This is Tombstone’s Allen Street, looking west from Fifth Street in about 1880. The building in the foreground at right would soon be rechristened the Crystal Palace Saloon, and would become one of the best known drinking and gambling establishments in the Southwest.
At this early date, however, it sported its original name — just visible on the sign above the second story windows — Golden Eagle Brewery, 1879. Town Marshal Virgil Earp maintained an office on the second floor of the saloon, as did legendary gunshot surgeon George Goodfellow.
The ornate three-story building across the street was the Grand Hotel, one of Tombstone’s finest and a favorite haunt of the Earp brothers and Doc Holliday.
At the time of this photograph, Tombstone was approaching its boom years and soon would be the largest city in the Arizona Territory.
“In its rush days, Tombstone’s Allen Street presented an interesting jumble of humanity,” wrote an early resident. “Even the stranger would be carried away by the constant hurry with something doing every minute. Saloons restaurants, hotels, well-stocked stores and barber shops — all brightly lighted for those pre-electric days — kept open house on both sides of Allen Street away into the night.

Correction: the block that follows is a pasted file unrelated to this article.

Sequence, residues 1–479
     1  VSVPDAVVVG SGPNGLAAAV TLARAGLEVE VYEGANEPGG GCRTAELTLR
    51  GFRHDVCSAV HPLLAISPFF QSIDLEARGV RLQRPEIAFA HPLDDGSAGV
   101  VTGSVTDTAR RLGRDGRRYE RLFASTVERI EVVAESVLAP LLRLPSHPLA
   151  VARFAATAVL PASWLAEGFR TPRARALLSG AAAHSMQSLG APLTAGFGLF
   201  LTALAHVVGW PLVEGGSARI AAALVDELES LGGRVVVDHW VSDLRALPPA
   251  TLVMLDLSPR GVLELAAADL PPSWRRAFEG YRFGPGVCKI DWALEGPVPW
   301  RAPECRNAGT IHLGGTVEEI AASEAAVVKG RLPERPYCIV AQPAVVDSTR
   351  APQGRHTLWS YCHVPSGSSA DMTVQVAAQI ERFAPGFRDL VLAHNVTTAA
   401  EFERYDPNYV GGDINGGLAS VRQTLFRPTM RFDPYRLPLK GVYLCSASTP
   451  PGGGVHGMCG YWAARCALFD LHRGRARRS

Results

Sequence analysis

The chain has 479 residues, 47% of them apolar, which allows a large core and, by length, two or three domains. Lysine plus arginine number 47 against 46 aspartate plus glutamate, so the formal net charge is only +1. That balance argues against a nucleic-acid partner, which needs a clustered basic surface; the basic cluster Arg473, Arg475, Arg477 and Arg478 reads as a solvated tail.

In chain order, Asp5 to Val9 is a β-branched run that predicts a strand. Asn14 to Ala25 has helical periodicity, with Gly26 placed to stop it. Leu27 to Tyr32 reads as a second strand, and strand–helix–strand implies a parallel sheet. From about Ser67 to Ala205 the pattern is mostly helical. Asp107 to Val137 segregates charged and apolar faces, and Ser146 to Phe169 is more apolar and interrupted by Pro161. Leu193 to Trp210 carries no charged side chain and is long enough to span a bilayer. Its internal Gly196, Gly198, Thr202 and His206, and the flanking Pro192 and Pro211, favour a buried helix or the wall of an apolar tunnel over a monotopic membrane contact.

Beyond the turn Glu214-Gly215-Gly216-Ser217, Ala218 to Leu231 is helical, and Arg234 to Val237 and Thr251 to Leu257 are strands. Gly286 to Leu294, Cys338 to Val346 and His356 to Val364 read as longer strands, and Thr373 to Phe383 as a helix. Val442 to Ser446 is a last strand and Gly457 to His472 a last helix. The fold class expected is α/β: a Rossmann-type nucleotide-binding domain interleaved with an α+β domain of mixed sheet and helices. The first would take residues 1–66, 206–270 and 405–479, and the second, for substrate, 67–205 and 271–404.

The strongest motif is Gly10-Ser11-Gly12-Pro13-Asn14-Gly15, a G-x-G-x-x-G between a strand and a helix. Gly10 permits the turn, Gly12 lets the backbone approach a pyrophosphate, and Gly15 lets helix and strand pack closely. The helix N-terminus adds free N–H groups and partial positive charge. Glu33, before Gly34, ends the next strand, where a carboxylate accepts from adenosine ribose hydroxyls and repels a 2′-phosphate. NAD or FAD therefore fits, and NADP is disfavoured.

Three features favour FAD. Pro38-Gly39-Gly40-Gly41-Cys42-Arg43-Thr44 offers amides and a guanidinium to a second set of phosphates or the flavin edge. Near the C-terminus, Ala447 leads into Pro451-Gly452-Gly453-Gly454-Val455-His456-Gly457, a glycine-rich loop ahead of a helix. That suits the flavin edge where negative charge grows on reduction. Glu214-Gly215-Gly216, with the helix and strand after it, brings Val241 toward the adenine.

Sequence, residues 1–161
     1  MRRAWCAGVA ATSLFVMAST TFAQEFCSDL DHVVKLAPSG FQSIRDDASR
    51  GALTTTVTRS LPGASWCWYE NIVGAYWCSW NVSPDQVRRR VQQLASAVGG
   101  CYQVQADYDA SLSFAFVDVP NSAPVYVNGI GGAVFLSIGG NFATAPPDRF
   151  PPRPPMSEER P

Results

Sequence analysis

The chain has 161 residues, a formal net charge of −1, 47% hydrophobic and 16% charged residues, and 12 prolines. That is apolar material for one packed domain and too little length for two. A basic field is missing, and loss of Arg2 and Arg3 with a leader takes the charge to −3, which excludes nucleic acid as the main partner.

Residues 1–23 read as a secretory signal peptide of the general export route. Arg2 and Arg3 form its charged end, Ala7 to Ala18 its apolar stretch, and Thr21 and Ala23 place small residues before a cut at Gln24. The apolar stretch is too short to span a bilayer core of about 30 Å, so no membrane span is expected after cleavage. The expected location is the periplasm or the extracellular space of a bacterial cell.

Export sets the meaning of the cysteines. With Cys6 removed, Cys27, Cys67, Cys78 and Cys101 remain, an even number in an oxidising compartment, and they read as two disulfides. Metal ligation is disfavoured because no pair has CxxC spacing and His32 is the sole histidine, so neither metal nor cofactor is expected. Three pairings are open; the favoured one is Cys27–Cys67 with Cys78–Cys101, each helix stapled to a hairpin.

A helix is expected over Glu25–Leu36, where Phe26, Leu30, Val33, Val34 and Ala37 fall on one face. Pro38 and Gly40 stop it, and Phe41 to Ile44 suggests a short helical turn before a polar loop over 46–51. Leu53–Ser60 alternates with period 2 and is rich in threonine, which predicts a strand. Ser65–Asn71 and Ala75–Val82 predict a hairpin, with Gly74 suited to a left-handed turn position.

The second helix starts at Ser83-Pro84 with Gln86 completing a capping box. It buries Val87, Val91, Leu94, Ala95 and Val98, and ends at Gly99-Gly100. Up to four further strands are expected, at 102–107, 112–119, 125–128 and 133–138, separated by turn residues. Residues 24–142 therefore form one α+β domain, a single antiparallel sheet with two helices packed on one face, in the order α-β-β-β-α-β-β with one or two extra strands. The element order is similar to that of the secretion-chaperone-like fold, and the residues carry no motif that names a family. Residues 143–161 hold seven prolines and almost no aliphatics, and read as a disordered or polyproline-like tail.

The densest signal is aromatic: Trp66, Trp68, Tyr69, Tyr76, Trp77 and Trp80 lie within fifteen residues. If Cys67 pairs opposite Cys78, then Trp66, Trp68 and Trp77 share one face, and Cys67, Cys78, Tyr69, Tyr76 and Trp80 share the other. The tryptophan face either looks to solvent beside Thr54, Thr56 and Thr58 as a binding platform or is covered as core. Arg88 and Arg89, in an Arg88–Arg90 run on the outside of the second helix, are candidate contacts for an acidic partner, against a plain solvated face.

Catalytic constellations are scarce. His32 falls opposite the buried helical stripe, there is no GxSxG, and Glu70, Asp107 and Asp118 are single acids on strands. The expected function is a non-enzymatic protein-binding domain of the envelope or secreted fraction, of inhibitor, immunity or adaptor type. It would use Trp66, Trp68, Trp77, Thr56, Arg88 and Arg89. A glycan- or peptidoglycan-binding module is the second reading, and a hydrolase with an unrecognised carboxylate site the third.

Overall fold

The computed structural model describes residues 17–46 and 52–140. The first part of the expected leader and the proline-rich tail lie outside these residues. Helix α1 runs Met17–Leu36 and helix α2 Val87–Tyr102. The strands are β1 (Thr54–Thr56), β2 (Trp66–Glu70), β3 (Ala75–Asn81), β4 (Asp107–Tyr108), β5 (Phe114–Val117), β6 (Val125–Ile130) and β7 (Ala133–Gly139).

“The music from dance halls, and all the hubbub that a crowd of men away from their home ties and seeking excitement can make — all of this filled the air with a confused roar of the crowds. It could be heard miles away by the lonely cowboy or prospector wandering in to join the gang.
“In daytimes Allen Street was generally like an ordinary street in a country crossroads town, but at nightfall everybody was milling about and giving vent to all their suppressed feelings and good fellowship. It was like a jolly crowd of grown boys out for a night of fun, and most business houses did a better business at night than in the daytime.
“In its palmy days, a nervous man would not have been happy with the methods of life in Tombstone. If you sought a peaceful sleep at night you might be suddenly awakened by some unearthly noise, musical or otherwise, from ‘Promenade to the Bar’ at some dance hall, a yell of ‘Keno’ from some rejoicing gambler, to a pistol shot by some shoot-‘em-up Dick just to keep things moving. But you could sleep on in the midst of this if you could simply consider it as harmless as the noise of a boiler factory.”
It is interesting to note that when the Tombstone town site was laid out, it was intended that Fremont Street, which runs parallel to Allen Street, would be the town’s main street. But businesses gravitated down Allen Street, and Fremont became secondary to the commercial district.
Many years ago after decades of neglect, the Crystal Palace Saloon was restored to its original appearance. The Grand Hotel became Big Nose Kate’s Saloon. If you can look past asphalt and automobiles, Allen Street today appears much as it did in 1880.
— Photo and research W. Lane Rogers.